7 Official Great Dane Colors, Patterns, and Markings

If you love Great Danes, you probably know there are seven officially recognized colors for these dogs. If you are just thinking about adopting one but don’t know about these colors and what they tell about each dog, you should inform yourself of the differences. Luckily for you, that is what we will discuss in the following topics!

What Are The 7 Official Great Dane Colors?

When adopting a Great Dane, it is important to know that there are seven official colors. Each color tells something about the genetics of these dogs and potential differences in their health, behavior, personality, etc.

The 7 official Great Dane colors are as follows: fawn, brindle, blue, black, harlequin, mantle, and merle.

What Are The Differences Between Each Official Great Dane Color?

Choosing a color for your Great Dane might be one of the most important choices you’ll make!

While Great Danes come in a range of hues and patterns, the American Kennel Club (AKC) officially recognizes just seven breed colors.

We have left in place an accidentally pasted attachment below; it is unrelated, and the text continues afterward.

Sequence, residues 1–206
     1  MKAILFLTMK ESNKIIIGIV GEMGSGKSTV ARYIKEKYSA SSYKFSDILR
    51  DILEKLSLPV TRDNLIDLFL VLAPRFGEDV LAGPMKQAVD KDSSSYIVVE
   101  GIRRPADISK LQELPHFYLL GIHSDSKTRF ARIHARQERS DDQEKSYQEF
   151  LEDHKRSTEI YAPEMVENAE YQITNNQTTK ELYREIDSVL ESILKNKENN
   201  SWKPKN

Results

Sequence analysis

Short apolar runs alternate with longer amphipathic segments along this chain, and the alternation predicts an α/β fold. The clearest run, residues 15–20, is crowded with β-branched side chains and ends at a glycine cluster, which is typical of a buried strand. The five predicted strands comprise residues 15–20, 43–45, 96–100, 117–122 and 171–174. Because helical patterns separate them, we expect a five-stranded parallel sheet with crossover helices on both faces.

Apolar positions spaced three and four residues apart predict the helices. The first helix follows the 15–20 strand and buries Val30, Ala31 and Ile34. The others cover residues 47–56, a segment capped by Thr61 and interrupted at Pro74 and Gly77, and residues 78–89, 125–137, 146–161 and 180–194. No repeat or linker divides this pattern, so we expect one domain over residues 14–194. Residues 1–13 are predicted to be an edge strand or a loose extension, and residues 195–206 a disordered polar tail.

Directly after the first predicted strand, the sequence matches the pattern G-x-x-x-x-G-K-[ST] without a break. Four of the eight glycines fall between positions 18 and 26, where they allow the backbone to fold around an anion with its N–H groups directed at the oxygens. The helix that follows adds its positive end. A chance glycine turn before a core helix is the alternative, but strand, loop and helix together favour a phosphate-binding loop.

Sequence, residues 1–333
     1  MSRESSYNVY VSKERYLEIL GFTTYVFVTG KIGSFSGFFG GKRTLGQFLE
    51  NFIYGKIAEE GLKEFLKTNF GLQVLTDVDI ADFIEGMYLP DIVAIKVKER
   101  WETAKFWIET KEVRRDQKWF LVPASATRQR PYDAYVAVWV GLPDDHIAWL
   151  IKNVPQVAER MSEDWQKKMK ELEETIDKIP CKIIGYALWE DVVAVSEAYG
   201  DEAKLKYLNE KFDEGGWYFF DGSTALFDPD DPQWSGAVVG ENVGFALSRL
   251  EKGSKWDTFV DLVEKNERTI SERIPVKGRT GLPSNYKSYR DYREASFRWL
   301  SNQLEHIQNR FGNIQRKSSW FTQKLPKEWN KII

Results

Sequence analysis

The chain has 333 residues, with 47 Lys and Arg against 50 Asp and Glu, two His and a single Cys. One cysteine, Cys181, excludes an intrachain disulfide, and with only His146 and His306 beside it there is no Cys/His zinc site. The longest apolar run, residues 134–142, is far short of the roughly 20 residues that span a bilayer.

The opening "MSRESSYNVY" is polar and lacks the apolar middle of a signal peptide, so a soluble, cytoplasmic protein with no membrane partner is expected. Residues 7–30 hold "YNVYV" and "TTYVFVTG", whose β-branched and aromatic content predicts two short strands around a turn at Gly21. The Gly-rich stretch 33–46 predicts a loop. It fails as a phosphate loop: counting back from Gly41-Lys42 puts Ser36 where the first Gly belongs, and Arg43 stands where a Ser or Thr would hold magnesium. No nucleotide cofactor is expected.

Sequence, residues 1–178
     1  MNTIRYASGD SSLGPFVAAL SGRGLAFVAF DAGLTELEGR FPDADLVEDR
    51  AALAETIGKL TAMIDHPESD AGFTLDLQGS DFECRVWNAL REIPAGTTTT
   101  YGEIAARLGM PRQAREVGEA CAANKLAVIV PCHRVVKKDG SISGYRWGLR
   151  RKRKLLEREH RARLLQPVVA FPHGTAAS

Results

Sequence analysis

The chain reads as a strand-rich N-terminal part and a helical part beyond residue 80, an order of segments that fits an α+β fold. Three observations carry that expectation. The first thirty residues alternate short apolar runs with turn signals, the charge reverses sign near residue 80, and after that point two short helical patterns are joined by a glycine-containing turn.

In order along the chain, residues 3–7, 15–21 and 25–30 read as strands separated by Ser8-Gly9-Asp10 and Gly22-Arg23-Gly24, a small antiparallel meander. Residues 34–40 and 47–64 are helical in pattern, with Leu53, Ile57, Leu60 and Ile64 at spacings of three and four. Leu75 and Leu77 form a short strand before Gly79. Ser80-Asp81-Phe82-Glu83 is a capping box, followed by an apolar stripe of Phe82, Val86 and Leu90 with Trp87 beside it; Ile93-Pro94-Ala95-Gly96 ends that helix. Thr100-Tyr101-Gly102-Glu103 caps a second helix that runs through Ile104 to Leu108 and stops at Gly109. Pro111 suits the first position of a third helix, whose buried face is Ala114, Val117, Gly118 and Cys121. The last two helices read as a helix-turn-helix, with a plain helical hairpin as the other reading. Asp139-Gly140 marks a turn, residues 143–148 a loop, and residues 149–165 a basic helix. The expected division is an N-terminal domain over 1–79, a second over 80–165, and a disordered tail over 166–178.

If you want to participate with your Dane in dog shows, keep in mind that contestants are restricted to the officially approved breed colors.

However, if dog shows are not a priority for you, color should not be the major consideration when selecting a new Great Dane for your family, but learning about them might show some interesting facts about these beautiful dogs.


Fawn is one of the most popular colors that come to mind when picturing a Great Dane. Perhaps this is because Scooby-Doo, one of the most popular Great Danes, has this vivid fawn color.

The American Kennel Club recommends that a Great Dane’s fawn color be yellow gold, ideally a darker yellow gold.

One of the characteristics of the officially recognized fawn Great Dane is that its eye rims and brows should have black patterns and markings. The black stripes may also develop on the ears and tail tip.

Additionally, the AKC has stated specifically that white chest and toe marks are not acceptable and do not qualify as a formal entry into a competition.

The coat’s rich golden gold color should also be “clean,” with no trace of black or white.


Brindle Great Danes have a golden yellow coat with prominent black tiger-like stripes. According to the AKC standards, Brindle Great Danes may have a black chevron pattern and a conspicuous black mask.

The black marks should almost likely emerge on the eye rims and brows, as well as on the ears and tail tip.

The darker the base color and the more clearly and uniformly brindled the stripes, the more desirable the hue as an officially recognized kind will be.

Additionally, the organization says that excessive or insufficient brindling, as well as white spots on the chest and toes, are not preferred.